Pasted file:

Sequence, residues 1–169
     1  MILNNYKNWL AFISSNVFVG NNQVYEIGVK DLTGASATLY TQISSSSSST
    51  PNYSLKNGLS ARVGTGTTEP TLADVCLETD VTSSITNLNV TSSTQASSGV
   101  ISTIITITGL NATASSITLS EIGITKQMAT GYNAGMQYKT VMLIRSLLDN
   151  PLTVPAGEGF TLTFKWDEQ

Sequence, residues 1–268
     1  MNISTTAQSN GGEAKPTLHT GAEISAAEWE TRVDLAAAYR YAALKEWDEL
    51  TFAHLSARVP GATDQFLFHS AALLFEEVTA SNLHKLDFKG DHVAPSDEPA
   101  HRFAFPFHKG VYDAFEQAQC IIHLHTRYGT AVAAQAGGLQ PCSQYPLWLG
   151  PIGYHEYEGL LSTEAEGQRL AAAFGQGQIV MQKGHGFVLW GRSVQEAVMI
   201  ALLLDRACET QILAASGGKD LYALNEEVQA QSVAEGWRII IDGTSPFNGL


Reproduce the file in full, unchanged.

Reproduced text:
Sequence, residues 1–169
     1  MILNNYKNWL AFISSNVFVG NNQVYEIGVK DLTGASATLY TQISSSSSST
    51  PNYSLKNGLS ARVGTGTTEP TLADVCLETD VTSSITNLNV TSSTQASSGV
   101  ISTIITITGL NATASSITLS EIGITKQMAT GYNAGMQYKT VMLIRSLLDN
   151  PLTVPAGEGF TLTFKWDEQ

Sequence, residues 1–268
     1  MNISTTAQSN GGEAKPTLHT GAEISAAEWE TRVDLAAAYR YAALKEWDEL
    51  TFAHLSARVP GATDQFLFHS AALLFEEVTA SNLHKLDFKG DHVAPSDEPA
   101  HRFAFPFHKG VYDAFEQAQC IIHLHTRYGT AVAAQAGGLQ PCSQYPLWLG
   151  PIGYHEYEGL LSTEAEGQRL AAAFGQGQIV MQKGHGFVLW GRSVQEAVMI
   201  ALLLDRACET QILAASGGKD LYALNEEVQA QSVAEGWRII IDGTSPFNGL